The complaints regulator outlined the key ways that lenders should be acting and things they need to consider when faced with borrowers in financial difficulties.
“When looking at a complaint, we’d expect to see that a lender responded positively and sympathetically to a borrower being in financial difficulties,” the FOS said.
It also highlighted that borrowers may not be able to sufficiently explain their issues and that lenders should “proactively look for signs of financial difficulty”.
Lenders should be thinking about and taking into account:
- Individual circumstances, to decide what is fair and reasonable in the circumstances of the complaint.
- The FCA’s most recent guidance for people having difficulty paying their mortgage during this particular time. In particular considering additional forbearance measures such as longer payment holidays, repayment plans, freezing interest, reasonable arrears rescheduling and pausing on repossessions/court action.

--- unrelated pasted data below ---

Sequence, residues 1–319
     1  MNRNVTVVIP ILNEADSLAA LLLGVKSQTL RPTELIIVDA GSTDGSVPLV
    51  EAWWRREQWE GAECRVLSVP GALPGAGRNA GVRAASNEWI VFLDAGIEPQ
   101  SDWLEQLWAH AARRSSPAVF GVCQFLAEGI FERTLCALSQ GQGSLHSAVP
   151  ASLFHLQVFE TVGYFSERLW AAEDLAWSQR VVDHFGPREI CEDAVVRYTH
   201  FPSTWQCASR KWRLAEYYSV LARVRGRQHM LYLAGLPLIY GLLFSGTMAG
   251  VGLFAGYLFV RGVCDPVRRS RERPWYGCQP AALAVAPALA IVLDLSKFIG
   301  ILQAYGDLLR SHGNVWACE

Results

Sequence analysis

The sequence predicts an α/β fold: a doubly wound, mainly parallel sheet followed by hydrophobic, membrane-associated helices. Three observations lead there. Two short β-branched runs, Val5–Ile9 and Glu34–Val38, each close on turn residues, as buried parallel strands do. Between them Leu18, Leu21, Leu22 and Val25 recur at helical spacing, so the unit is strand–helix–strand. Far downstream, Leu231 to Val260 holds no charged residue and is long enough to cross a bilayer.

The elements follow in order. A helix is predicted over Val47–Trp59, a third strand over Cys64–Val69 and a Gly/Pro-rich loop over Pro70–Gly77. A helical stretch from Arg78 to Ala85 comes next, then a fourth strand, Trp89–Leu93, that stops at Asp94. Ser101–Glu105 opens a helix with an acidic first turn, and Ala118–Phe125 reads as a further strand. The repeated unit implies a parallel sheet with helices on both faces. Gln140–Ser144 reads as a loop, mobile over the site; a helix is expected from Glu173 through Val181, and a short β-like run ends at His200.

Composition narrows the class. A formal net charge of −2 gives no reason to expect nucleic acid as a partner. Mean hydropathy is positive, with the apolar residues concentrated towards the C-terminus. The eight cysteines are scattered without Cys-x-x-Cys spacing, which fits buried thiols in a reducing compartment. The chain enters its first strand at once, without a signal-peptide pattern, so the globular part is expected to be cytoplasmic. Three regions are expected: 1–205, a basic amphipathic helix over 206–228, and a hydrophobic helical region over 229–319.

- That there is no need for lenders to investigate further in order to agree to the payment holiday, and customers already in a payment arrangement shouldn’t be treated less favourably.
- Any payment holiday should not be recorded on or have an impact on the customer’s credit file.
- That they should carefully listen to consumers and proactively look for signs of financial difficulties. Consumers may not always know the best way to express their concerns.
- Even if a customer doesn’t specifically ask for a payment holiday when calling to discuss difficulty in making their payments, it should be offered.
- Where possible, make it easy for your customers to contact you – including, where appropriate, by different channels to those you usually make available.
Extraordinary effort required
“In a few short months, Covid-19’s impact has been felt by every one of us,” the FOS noted on its monthly bulletin.
“This extraordinary situation requires an extraordinary effort to support the tens of millions of customers who’ve been affected by the crisis.
“Though the future’s far from certain, the businesses we cover, having supported lives and livelihoods in more normal and optimistic times, now have a key part to play in mitigating Covid-19’s worst effects.”